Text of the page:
Lately I’ve been liking Santa Clause less and less, but today I looked up the history behind the myth because, honestly, I didn’t really know much about where it came from. I knew Saint Nicholas was a real, historical person, but I didn’t really know anything about him other than, presumably, he was generous. What I found were two details about his life that made me like him quite a bit more. I found out that Saint Nick was actually a bishop in the Church. At one point he found out that a poor nobleman had three daughters who were getting married, but he didn’t have a dowry for each of them. Nick wanted to help, but he wanted to do it anonymously, so he threw three bags of gold through the nobleman’s window. Eventually people did find out who did it, which started the tradition of associating charitable giving with Saint Nick. I also found out that at one time, he was imprisoned for his faith, but while he was there, he spread the Gospel to the other prisoners. In fact, he was super generous because the Gospel says we are supposed to help the poor.

So I like the guy. I have a cousin who doesn’t celebrate Christmas at all because it has essentially become a secular holiday. I know plenty of people, including my friends, who celebrate Christmas even though they’re not Christian. While the consumerism of it does get on my nerves, I still love it. I love Christmas. I love going bananas with the decorations. I love hanging out with my relatives. I love going to midnight mass on Christmas eve and then coming home at 1:00 in the morning and opening presents then. I love driving around with hot chocolate to go look at people’s insane decorations. I love that there’s tons of junk food.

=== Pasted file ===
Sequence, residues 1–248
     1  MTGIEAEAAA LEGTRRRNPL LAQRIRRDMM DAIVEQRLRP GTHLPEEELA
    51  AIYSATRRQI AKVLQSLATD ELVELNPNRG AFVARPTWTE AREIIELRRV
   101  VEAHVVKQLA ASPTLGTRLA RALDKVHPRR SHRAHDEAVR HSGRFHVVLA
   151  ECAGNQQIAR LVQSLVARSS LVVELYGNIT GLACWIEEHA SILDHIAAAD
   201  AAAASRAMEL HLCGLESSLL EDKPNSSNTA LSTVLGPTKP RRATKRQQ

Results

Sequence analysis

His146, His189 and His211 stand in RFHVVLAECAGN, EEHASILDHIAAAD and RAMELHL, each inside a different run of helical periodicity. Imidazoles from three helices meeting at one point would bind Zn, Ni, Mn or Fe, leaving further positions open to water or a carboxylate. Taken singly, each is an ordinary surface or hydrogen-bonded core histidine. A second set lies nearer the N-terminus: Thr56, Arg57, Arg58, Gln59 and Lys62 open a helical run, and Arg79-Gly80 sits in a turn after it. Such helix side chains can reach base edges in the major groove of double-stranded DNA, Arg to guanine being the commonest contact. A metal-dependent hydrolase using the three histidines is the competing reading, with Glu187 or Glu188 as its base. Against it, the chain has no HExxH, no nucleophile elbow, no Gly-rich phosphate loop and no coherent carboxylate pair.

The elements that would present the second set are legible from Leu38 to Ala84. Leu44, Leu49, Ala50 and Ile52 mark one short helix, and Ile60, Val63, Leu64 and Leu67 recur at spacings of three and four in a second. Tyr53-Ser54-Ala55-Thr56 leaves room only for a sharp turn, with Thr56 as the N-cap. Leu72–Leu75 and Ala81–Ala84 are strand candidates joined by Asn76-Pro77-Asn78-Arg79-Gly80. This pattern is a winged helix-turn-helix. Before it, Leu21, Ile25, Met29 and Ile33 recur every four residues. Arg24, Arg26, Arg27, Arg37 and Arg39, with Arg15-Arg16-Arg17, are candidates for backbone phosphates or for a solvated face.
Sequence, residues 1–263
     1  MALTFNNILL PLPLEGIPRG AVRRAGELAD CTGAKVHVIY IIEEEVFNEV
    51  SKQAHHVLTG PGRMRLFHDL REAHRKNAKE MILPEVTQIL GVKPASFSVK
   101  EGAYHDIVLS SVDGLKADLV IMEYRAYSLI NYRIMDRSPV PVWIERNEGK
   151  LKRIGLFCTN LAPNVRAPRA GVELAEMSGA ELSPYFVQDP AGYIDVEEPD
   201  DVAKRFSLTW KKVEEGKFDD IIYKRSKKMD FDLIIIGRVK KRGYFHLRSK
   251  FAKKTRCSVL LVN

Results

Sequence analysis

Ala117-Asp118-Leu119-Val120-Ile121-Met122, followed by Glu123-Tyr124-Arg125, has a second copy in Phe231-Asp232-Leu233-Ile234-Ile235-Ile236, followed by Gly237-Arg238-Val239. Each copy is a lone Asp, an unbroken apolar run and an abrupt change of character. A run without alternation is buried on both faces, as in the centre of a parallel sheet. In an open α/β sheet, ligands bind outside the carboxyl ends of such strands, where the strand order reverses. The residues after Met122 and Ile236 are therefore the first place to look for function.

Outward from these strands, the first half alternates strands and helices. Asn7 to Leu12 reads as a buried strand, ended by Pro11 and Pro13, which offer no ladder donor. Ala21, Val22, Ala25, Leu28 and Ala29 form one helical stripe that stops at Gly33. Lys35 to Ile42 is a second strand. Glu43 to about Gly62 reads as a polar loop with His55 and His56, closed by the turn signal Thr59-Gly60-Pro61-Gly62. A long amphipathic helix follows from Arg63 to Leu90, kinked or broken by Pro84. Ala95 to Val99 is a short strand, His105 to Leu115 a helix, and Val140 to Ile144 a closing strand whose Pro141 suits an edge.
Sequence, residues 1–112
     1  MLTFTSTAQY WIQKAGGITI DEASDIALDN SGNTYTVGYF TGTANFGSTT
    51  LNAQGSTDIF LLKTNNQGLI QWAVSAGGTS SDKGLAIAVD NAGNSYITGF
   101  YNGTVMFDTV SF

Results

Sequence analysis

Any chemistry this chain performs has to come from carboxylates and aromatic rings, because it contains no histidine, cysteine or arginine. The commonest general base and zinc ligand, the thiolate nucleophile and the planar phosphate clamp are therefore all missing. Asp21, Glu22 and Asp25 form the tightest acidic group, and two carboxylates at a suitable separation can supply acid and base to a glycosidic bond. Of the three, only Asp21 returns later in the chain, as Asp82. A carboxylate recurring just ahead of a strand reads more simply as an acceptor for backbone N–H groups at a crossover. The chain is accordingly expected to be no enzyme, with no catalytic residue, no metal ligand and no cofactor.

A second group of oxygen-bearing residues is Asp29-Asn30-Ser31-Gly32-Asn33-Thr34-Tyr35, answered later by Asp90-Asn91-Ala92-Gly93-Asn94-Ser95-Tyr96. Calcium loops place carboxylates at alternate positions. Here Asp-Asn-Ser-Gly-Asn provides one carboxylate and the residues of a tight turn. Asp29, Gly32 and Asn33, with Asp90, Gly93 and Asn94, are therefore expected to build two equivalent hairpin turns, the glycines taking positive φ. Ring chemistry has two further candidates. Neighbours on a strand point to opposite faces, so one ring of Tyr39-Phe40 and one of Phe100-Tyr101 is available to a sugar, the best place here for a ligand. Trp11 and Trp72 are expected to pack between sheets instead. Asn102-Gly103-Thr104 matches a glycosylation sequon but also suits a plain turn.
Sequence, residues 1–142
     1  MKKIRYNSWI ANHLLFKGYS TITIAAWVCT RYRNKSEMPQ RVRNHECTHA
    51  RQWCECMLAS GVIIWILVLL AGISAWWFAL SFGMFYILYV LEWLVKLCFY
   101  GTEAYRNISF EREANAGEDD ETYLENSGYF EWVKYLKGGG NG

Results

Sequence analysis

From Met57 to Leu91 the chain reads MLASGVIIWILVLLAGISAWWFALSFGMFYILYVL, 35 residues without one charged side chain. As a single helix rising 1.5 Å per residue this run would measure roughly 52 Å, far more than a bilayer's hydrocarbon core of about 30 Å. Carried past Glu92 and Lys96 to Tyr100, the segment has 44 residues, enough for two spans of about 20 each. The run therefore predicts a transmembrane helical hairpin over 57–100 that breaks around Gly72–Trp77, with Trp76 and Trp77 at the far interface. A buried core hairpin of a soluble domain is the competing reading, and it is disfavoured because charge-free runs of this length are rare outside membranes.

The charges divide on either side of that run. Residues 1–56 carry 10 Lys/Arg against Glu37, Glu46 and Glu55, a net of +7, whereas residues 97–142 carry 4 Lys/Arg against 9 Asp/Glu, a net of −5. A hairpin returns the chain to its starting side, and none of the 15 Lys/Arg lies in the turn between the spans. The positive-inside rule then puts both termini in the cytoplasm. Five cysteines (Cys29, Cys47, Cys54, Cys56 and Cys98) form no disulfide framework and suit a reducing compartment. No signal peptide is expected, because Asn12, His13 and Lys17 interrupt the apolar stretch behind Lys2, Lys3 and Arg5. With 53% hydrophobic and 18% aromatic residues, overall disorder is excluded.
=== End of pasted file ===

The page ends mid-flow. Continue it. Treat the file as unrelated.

I love that Christmas is kind of like starting over. It’s a reminder that our savior came as a tiny human baby, born to a family who couldn’t even get a room in the inn. It’s where his story, and therefore, really, our story begins.

There are some things I want to do differently in the coming year. I want to read Scripture more, and try to figure out to the best of my ability what is objectively True about some things (as best I can, anyway). I also want to lose a little weight and build up some upper body strength. Skiing is on my bucket list, but because of my disability, I would have to ride a sit-down ski thingy and use my arms to steer. I’m not strong enough to do that yet, so I’m going to work on it. I have to figure out exactly how I’m going to do it, but these are sort of my New Year’s resolutions.

Tomorrow is Christmas Eve, and this makes me happy. Long story short, I want to thank everyone for reading, and I want to wish you all a very merry Christmas.

Because in my world guinea pigs can fly!